Righteous: Rights at the Round Table
Speaking up for the rights of young people was a key focus of Righteous: Rights at the Round Table, a youth forum that gave attendees a creative space for culturally diverse expression and celebration.
On Sunday 26 September, the forum explored contemporary human rights issues relevant to people under 25 from emerging and refugee backgrounds in Australia. Held at the North Melbourne Town Hall and presented by Multicultural Arts Victoria in partnership with the Melbourne Fringe Festival, the event discussed the struggles and stories of ethnic youth through a series of ‘round table’ discussions and workshops.
Acknowledging Intergenerational Cultural Differences
Respect for different generations of Australians was fostered throughout the day, starting with a Welcome to Country and acknowledgement of Aboriginal and Indigenous Australians – the traditional owners of the nation – to open the forum.
A prominent talking point during panel discussion was the challenge of sustaining family relationships, led by youth representatives from the arts and non-profit sectors. Melbourne-based hip-hop artist Jordan Seden noted feeling “like a mediator” between his parents who are not fluent in English and English-speaking Australians, admitting that while it embarrasses him slightly, he still makes the effort to be “their spokesperson”. Fellow panelist and youth project officer Amona Hassab suggested ethnic young people hold different values from their parents but respect their beliefs so as to get along. The value of filial piety is arguably strong within multicultural youth who selflessly assist their elders to make them feel at home.
Stories of assimilation highlighted the fact that many culturally diverse youths are determined to chase their ambitions, breaking stereotypes of passive minorities. Drawing on her work with ethnic young people, Hassab said many of them pick up English quickly upon arrival in Australia. Seden proactively left his hometown, Cairns, for Melbourne to “find a bigger world other than Cairns”. Consequently, culturally diverse young people in Victoria belong to two different cultures: they are reminded of their heritage when they are around their parents and adopt strands of Western culture in the process of making a livelihood here.
Profiling Various Levels of Racism
The panel also touched on racism towards ethnic groups, garnering vocal opinions from attendees of Anglo-Saxon, African and Asian backgrounds. In particular, they were certain racism is institutionalised in Australia. One audience member shared a recent experience taking a university subject that focused on teaching students how to “talk to Aboriginal people”, to which Aboriginal-descent Seden responded, “You don’t need instructions to talk to me!” Therefore, there are instances where ethnic youths have no choice but to conform to the racially uneven status quo in Australia.
Attendees also agreed that everyday racism is becoming increasingly common. In addition, they reckoned racism exists within individual racial communities: different languages and beliefs are held by people of the same race and this could possibly instigate miscommunication and hence discord among one another.
No doubt young people are aware that racism is alive and exists in every facet of Australian society. However, Hassab suggests that although youths may want to speak up immediately when they come across racist incidents, this can be confronting and scary – there is no guessing how racial perpetrator(s) will react. As such, while ethnic youths are emphatically proud of their heritage, at times they may struggle to stand up for their background.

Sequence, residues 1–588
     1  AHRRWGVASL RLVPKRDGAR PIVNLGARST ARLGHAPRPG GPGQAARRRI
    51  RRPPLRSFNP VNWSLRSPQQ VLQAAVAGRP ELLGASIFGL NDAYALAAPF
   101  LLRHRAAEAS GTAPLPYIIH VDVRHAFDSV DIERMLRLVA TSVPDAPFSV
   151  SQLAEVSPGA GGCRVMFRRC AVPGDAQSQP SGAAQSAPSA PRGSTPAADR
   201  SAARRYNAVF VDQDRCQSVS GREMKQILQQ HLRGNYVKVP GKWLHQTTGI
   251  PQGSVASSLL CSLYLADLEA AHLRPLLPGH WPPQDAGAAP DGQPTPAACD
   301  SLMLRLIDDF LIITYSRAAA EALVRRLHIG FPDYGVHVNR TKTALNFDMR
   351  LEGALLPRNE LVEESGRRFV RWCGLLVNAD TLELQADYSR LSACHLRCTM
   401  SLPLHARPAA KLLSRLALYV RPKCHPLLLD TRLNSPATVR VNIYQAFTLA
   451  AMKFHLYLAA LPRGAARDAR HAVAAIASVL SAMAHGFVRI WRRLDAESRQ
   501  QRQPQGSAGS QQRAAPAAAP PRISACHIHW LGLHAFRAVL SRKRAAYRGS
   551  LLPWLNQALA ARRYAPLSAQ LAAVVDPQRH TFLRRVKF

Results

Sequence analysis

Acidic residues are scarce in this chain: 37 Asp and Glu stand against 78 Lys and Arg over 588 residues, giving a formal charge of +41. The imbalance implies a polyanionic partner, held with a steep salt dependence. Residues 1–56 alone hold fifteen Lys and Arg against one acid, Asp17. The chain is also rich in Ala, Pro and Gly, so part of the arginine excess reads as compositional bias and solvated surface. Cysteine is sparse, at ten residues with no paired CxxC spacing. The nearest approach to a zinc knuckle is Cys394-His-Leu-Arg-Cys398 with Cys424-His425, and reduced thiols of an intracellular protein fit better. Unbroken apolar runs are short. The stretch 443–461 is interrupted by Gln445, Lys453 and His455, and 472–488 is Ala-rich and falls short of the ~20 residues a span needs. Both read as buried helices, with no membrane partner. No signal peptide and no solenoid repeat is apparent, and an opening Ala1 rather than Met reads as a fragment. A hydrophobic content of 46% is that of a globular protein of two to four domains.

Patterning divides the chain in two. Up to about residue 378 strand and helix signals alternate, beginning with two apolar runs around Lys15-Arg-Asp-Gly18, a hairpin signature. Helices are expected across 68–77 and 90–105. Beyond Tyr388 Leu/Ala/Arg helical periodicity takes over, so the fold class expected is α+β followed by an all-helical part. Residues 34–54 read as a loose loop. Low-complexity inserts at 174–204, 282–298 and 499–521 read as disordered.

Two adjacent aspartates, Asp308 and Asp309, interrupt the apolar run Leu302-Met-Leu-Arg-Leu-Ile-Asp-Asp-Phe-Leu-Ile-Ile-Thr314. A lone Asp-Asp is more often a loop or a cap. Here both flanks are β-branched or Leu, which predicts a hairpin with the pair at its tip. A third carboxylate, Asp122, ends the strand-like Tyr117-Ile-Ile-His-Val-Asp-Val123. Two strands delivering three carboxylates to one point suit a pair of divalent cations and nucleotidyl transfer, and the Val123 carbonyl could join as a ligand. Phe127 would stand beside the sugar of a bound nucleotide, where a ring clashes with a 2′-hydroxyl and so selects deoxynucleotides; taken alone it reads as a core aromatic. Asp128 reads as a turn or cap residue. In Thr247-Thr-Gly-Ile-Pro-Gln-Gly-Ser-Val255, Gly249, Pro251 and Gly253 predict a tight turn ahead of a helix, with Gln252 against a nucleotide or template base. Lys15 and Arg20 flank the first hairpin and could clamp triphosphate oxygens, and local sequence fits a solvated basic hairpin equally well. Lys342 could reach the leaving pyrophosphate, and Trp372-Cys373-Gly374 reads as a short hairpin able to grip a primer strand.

Shaping Youth Identity
Attendees enthusiastically expressed their unique stories through the zine-making workshop during the second half of Righteous. Many boldly wrote about the challenges they faced as a young ethnic person – such as their experiences of everyday racism – on blank pieces of papers which were then collectively bound to form a zine, a pocket-sized magazine.
The hip-hop and spoken word workshops also fostered this camaredic spirit. Participants encouraged one another as they crafted poetry and lyrics. Thus, creative mediums have the potential to bring diverse young people together and boost their confidence: they offer spaces where youth can bond over artistic interests and freely share their ideas regardless of their background, offer imaginative environments that know no creative boundaries and are accepting of myriad cultural identities.
Championing Ethnic Youth
While Righteous thoroughly debated the struggles ethnic youths face, there could have been more discussion on the positive aspects of adhering to stereotypes. As mentioned during the panel discussion, young people willingly converse with their parents in their native languages. In a sense, many ethnic young people proudly fulfill the common stereotype of migrants being fluent in their mother tongue – to communicate with their elders.
Migrant youths welcome discussion of sensitive topics such as racism and are optimistic of a harmonious multicultural future. With respect to encouraging cultural tolerance, one attendee asked, “What can we do to change the world?” The panel responded that to “change the world, we have to change ourselves”. To fight racism, we need to recognise that racism happens anywhere, even in a diverse “lucky country” Australia, and educate ourselves about the significance of each other’s cultural differences.
Ultimately, Righteous was a creative forum that reminded youth from migrant and emerging backgrounds of their heritage and supported their rights to pursue their goals within the broader Australian community. It was an inclusive forum thatRi encouraged culturally diverse young people to feel at home in Australia, rightfully like how every person living in Australia should.